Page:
Over the past few years, countless calorie myths have sprung up, making it hard for us to determine which is which. Hearsay, so-called expert advice, and false advertising haven’t exactly helped either. Still, this didn’t stop us from our investigation. After a couple of wrong turns and red herrings, we debunk five calorie myths that all of us, at some point or another, have religiously followed.
Myth # 1: Daily heavy breakfast = fewer calories = weight loss
This is not necessarily true, reports CBS News. The number of pounds you gain is dependent on the amount of calories you consume, so if you habitually eat heavy morning meals, you’ll end up consuming more calories than if you were to skip breakfast entirely. That said, however, eating breakfast could also mean that you’re less likely to overcompensate during lunch, merienda, or dinner later on.
Myth # 2: Sex is as good a calorie burner as exercise.
Getting between-the-sheets action can be a workout, but it’s not that strenuous that you can write off exercise for good. According to a study published in the New Journal of English Medicine, an average sack session only burns about 21 calories, reports Prevention.com.
Myth # 3: Celery and cucumbers have negative calories.
The idea behind negative calories is that it takes more calories to digest vegetables like celery and cucumbers than they contain in the first place. According to Woman’s Day, this is absolutely not true. In fact, Los Angeles-based nutritionist LeeAnn Smith Weintraub, RD, says that “the calories you need for digestion won’t ever exceed the number of calories any type of food contains.” However, eating these greens may keep you fuller for longer.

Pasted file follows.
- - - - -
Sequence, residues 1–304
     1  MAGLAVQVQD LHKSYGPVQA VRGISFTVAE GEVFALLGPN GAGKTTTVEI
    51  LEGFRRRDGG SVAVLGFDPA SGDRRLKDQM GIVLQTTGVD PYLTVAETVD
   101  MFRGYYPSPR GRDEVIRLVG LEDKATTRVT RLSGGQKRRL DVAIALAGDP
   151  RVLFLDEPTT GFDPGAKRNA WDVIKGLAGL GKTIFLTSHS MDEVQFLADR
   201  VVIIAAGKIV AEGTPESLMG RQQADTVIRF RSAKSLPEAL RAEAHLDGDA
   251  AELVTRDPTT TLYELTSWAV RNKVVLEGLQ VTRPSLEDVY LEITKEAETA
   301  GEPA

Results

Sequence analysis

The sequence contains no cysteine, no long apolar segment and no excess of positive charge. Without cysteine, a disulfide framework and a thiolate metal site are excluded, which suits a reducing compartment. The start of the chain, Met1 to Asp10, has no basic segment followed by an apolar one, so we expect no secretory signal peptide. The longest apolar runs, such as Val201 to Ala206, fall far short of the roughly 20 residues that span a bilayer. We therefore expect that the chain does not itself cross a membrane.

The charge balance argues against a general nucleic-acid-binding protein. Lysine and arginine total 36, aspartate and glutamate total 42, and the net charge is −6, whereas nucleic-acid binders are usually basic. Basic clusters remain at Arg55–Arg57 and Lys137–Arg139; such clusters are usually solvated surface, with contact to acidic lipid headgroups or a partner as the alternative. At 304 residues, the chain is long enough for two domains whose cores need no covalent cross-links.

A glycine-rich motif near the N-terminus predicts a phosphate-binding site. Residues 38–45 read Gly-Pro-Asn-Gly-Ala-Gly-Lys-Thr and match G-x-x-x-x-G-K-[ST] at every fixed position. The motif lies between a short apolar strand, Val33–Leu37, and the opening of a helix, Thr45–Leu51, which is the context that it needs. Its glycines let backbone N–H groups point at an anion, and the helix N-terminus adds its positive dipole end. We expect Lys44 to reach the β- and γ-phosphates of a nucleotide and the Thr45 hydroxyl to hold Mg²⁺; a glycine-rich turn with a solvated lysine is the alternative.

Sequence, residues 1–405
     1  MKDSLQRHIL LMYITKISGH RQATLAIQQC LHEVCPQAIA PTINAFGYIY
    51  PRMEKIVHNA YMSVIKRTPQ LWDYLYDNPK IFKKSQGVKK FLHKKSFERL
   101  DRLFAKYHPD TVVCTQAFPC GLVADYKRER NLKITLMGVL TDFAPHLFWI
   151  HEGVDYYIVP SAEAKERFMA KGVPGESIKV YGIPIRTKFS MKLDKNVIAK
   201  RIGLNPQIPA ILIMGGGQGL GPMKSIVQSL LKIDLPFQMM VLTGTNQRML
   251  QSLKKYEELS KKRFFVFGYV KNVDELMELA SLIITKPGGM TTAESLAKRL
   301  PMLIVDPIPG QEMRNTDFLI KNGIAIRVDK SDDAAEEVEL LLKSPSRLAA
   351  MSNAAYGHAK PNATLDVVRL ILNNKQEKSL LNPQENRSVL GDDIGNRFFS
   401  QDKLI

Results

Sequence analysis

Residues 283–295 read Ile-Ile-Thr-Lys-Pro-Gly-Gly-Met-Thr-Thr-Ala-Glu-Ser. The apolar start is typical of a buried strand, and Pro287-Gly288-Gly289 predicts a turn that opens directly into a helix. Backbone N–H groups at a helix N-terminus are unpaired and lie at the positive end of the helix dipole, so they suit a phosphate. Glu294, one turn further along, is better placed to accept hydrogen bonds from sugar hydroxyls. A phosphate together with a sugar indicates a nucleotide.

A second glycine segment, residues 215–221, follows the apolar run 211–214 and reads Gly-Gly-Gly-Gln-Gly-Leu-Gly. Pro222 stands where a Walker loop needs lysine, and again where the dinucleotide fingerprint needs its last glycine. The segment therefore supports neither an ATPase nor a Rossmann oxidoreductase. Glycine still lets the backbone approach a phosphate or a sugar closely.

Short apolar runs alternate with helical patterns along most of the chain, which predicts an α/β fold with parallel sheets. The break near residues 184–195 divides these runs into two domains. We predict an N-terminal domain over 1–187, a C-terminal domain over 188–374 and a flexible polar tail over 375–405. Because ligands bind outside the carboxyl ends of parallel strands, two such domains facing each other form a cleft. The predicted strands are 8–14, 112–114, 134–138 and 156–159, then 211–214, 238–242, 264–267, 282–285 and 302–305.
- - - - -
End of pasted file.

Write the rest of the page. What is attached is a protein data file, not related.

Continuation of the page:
Myth # 4: The more you sweat, the more calories you burn.
It sounds like a logical association, but Prevention.com says otherwise. Apparently, the amount of sweat your release is not a reliable indicator of how many calories you’ve lost because your sweating rate is dependent on other factors like fitness level, temperature, and air humidity—none of which are related to calories.
Myth # 5: Calorie counts are accurate.
No matter how good you are at counting calories, it can be a challenge to calculate your potential weight loss or gain when the calorie counts themselves are inaccurate. Just because the labels say that your energy bar only has 250 calories doesn’t mean that it has exactly that amount considering that most products are permitted to have a 20 percent margin of error per serving, which means that 250 calories could either be 200 or 300, proposes Shape.com.
(Photo by Kristopher W via Flickr Creative Commons)